File photo: Reuters

Johannesburg - Production and sales growth for mining slowed sharply in January while figures in the manufacturing sector beat market expectations, according to data released by Statistics SA yesterday.

Manufacturing production volumes grew 2.5 percent year on year in January compared with 2.8 percent growth in December, and came in higher than the expected growth of 1.9 percent.

About 30 out of 40 manufacturing industrial categories recorded positive month-on-month growth, with food, petroleum and basic iron and steel sub-sectors making the biggest contribution in January.

Manufacturing is expected to grow this year on the back of a weaker rand/dollar exchange rate and the recovery of the global economy.

Some analysts expect the eight-week strike in the platinum belt, the threat of load shedding, and upcoming elections will have an impact on growth prospects in the manufacturing sector.

Mining volumes were poor, with year-on-year growth slowing to 3.1 percent in January from 12.2 percent in December. Volumes had grown 5.2 percent in November and 23.2 percent in October. On a month-on-month seasonally adjusted basis, mining production declined by 1.1 percent in January compared with a 6.9 percent expansion last January.

Kamilla Kaplan, an Investec economist, said yesterday that judging by the figures, the mining industry’s contribution to gross domestic product (GDP) was likely to drop.

Gold production declined by 6.3 percent year on year in January after advancing 12.3 percent in December.

Iron ore, chrome, and diamonds declined month on month in January, and platinum group metals output fell 3.7 percent in the month, the biggest contributor to the fall.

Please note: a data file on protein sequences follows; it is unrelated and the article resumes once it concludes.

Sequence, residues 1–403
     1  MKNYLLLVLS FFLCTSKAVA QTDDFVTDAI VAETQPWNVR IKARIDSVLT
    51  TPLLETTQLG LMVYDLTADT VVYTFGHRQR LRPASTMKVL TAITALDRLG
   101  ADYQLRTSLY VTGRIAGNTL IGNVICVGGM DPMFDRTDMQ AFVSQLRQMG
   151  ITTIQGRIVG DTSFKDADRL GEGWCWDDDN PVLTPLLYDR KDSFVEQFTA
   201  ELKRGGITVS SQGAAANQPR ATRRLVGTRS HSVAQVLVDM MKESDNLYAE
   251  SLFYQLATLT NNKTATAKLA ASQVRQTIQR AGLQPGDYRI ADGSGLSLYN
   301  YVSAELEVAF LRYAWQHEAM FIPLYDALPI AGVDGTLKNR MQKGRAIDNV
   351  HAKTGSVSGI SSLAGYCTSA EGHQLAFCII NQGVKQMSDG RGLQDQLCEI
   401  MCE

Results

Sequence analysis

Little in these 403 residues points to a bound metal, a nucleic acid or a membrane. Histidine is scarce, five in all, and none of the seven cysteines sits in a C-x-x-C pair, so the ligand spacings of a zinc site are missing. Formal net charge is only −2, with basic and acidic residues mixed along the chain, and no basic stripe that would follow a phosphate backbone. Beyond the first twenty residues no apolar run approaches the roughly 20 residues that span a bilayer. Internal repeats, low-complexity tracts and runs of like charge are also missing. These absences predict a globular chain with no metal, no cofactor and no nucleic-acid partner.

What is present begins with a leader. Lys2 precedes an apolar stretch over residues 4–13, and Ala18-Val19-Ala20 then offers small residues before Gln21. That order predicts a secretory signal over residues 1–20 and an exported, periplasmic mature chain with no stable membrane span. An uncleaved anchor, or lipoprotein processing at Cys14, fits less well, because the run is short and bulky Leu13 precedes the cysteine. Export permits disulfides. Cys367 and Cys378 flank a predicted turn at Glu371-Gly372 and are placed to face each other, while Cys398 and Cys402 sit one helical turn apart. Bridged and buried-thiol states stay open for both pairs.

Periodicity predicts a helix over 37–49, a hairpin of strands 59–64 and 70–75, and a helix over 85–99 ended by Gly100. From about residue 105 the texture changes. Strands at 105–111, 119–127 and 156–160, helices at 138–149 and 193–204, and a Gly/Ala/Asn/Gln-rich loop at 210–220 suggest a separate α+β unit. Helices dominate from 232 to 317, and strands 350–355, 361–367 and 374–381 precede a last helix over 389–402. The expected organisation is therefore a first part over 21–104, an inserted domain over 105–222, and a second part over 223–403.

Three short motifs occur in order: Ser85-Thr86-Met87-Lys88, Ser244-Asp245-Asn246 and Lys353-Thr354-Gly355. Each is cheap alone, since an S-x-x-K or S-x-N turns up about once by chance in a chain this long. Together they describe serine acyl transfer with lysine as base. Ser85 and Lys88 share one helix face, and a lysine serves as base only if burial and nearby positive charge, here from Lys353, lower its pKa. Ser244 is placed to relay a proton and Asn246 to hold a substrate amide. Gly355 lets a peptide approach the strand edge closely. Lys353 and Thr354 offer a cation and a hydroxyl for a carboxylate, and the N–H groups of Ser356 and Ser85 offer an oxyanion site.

“PGMs (platinum group metals) production in turn, comprises nearly a quarter of total mining production and the impact to date has been significant,” Kaplan said.

About 70 000 members of the Association of Mineworkers and Construction Union in the platinum belt have been on a wage strike since January 23.

“One can presumably attribute this largely to the fact that the strike in the platinum industry, which is still on the go, began in the last week of January,” Azar Jammine, an economist at Econometrix, said yesterday.

The 18 percent decline in the rand/dollar exchange rate was overshadowed by the negative impact on the country’s trade figures as a result of lower production of minerals.

Jammine said the full impact of the strike had not yet been felt as platinum companies had been able to sell stock that they had accumulated.

“By all accounts, this inventory has been depleted. Their cash flows are likely to begin suffering badly from now onwards.”

As a result of the strike, analysts have revised their economic growth outlook this year, with some expecting growth rates of below 2 percent.

The sector has been volatile since 44 people were killed in Marikana in August 2012, and sales and production statistics have been on a downward trend. To date, about 500 000 ounces of platinum have been lost, amounting to R8.1 billion, or 0.24 percent of gross domestic product, since the strike started on January 23.